Feature | diy outdoor toilet | VIDEO TUTORIAL: DIY Outdoor Toilet |

When nature calls, a DIY outdoor toilet can really save your tush. Check out our tutorial on how to make your own restroom in the outdoors.

RELATED: Wilderness Survival Guide: Outdoor Toilet Paper Alternatives

How to Make a DIY Outdoor Toilet

Easy DIY Outdoor Toilet

Looking for outside toilet solutions? This portable toilet for the outdoors is great for a weekend camping trip.

It can also be kept with your emergency preparedness supplies to use in an SHTF survival situation.

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  • 5-gallon bucket
  • Heavy-duty trash bags
  • Pool noodle
  • Toilet paper

Let's Start!

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Step 1: Pop the Handle

Pop the handle of the bucket by tugging it a little on the side. Bend the tip of the handle over with a pair of pliers to make the handle a lot easier to connect later on.

Step 2: Measure Where to Drill a Utility Hole

Lay the bucket on one side and measure around 3 fingers from the connector port. This is just about the perfect spacing to drill a small utility hole.

Step 3: Use a 3/16″ bit for Drilling

Use a 3/16″ bit and you'll see it doesn't actually penetrate the wall and barely goes through the top layer.

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Step 4: Secure the Toilet Paper Tube

Thread the open end of the handle through your toilet paper tube until the roll reaches the middle. Lock the handle back in the bucket by pushing the end into the new connector port.

RELATED: How to Properly Pack an Outdoor Toiletry Kit

Step 5: Use heavy-duty Duty Garbage Bags to Line the Bucket

Line the bucket with heavy-duty garbage sacks to keep the bucket clean. You should be able to find a perfect fit at your local supermarket.

A trash bag that can hold 8 gallons of waste should be more than enough to meet your needs.

Step 6: Secure the Garbage Bag in Place

Push the garbage bag down into the bucket and secure it in place. Do this by lining the top ridge of the pail the same way you do with a garbage can.

The plastic liner should make a nice and tight fit.

Step 7: Make Foam Padding to Sit On

Make your outdoor experience a little more comfortable. Cut a piece of pool noodle roughly 3 feet long, then cut a clean slit down one side.

This will make nice foam padding to cushion your backside.

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Step 8: Suspend the Toilet Roll for Easy Use

The toilet paper rubs on the side of the bucket when you try to unroll it. This makes it difficult to use.

To solve this problem, you need to elevate the handle. Drill another small hole slightly offset from the center.

Use a little bungee cord to lift the handle so it suspends the roll away from the bucket.

At this point, your DIY toilet bucket is completely finished and ready for use!

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Check out the full video tutorial in this video by The King of Random:

How easy is this DIY outdoor toilet to make? Very easy!

With just a few materials from your local store, your outdoor toilet needs have never been this comfortable. Make one and have a portable toilet ready anytime you need it!

Did you like our DIY outdoor toilet tutorial? Let us know in the comments section below!


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Editor’s Note: This post was originally published in August 2015 and has been updated for quality and relevancy.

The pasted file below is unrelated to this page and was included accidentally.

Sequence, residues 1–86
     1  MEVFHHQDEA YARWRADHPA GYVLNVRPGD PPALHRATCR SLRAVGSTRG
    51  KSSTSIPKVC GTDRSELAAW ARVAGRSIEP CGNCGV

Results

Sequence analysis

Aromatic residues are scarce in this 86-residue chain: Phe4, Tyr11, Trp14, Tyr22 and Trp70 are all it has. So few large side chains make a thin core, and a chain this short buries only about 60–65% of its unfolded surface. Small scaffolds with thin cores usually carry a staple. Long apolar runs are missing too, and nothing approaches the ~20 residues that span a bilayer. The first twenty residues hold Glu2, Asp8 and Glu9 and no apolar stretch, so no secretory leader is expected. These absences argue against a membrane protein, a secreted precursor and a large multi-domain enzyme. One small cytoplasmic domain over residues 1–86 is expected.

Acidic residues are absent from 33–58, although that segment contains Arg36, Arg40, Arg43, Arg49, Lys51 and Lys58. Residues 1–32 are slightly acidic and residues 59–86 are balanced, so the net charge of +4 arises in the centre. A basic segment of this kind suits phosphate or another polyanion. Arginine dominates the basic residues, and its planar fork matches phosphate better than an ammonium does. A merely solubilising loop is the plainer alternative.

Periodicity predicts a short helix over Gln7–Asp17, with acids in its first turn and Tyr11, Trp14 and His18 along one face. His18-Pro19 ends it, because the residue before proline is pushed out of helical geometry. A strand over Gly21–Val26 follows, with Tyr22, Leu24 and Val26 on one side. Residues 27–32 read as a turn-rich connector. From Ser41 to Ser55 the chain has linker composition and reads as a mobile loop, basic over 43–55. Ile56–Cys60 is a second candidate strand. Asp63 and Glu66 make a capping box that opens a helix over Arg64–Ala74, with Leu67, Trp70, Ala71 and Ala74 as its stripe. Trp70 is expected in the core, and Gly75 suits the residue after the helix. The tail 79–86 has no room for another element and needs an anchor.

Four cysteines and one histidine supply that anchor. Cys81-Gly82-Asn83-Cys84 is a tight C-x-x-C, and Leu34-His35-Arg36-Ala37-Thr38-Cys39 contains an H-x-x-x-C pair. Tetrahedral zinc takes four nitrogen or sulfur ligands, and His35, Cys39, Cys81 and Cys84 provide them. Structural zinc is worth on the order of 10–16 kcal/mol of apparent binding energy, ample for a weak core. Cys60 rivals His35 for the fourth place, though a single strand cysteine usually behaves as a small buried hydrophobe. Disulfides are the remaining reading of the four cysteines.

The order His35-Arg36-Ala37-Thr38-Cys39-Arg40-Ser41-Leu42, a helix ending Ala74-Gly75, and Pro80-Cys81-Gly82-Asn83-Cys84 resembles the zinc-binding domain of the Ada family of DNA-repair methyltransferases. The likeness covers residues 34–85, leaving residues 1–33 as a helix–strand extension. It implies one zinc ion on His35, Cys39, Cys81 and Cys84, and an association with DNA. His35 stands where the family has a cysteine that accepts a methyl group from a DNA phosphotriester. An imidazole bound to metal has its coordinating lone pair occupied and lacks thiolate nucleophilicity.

9 Responses to :

  1. dillet says:

    What is the purpose of the two drilled holes?

    1. EddieW says:

      So there will be room on the handle for the roll of TP.!

  2. EddieW says:

    Forgot about lining the bucket with garbage bag!! Really appreciate knowing this!!

  3. MD says:

    If you line the bucket with a plastic sack and fill it with human excreta, both urine and feces, you will end up with 2 problems: #1 a stinky slop, #2 a “contaminated” plastic bag (more unnecessary waste stream materials). If you will use biomass you will change the contents from a stinky, sloppy mess to a slightly damp and almost odorless and fully compostable, environmentally benign, or beneficial product. The 5-gallon bucket is not at all difficult to clean, when you are using biomass. A common toilet brush, a squeeze of any liquid soap in a 1/2 gallon of water, and the bucket is cleaned in less than 2 minutes. A rinse with another 1/2 gallon of water and then left out open to the sunshine, and the bucket is even sanitized in a few hours of sunshine. If you really want a sack to line the bucket, then use a paper sack. This way the paper can be composted along with the contents of the bucket.
    To properly use the biomass (wood sawdust, crushed leaves, peat moss, etc, etc) start with about 2″ in the bottom of the bucket and then cover with about 2 C / 1 pint (yogurt / cottage cheese tub) after each “deposit”. If there is any presence of flies or strongly offensive odors, then just dose with more biomass. I have used this “inside” of a Cabin-Wall Tent and it could be tucked under a cot, and until told, no one even knew it was there, because the proper use of bio-mass should eliminate all flies and the only order is at the moment of use, kinda’ like somebody passin’ gas.

    1. Sue says:

      once the 5 gallon bucket is “full” it can be composted. I made one for a new farm and they used it for 18 months. See book Humanure for more information.

  4. Jeanette Criss says:

    why couldn’t you cut the bottom out of a 5 gal. bucket and dig a hole and place bucket over the hole. Cover hole after use. Fill the hole with cat litter for odor?

    1. GP says:

      you wont need a bucket just put up a thunder beam

  5. Thole says:

    i think in outdoor temporary latrine obviously composite toilet. No need to use water. outdoor toilet make by household equipment and also buy in the market.

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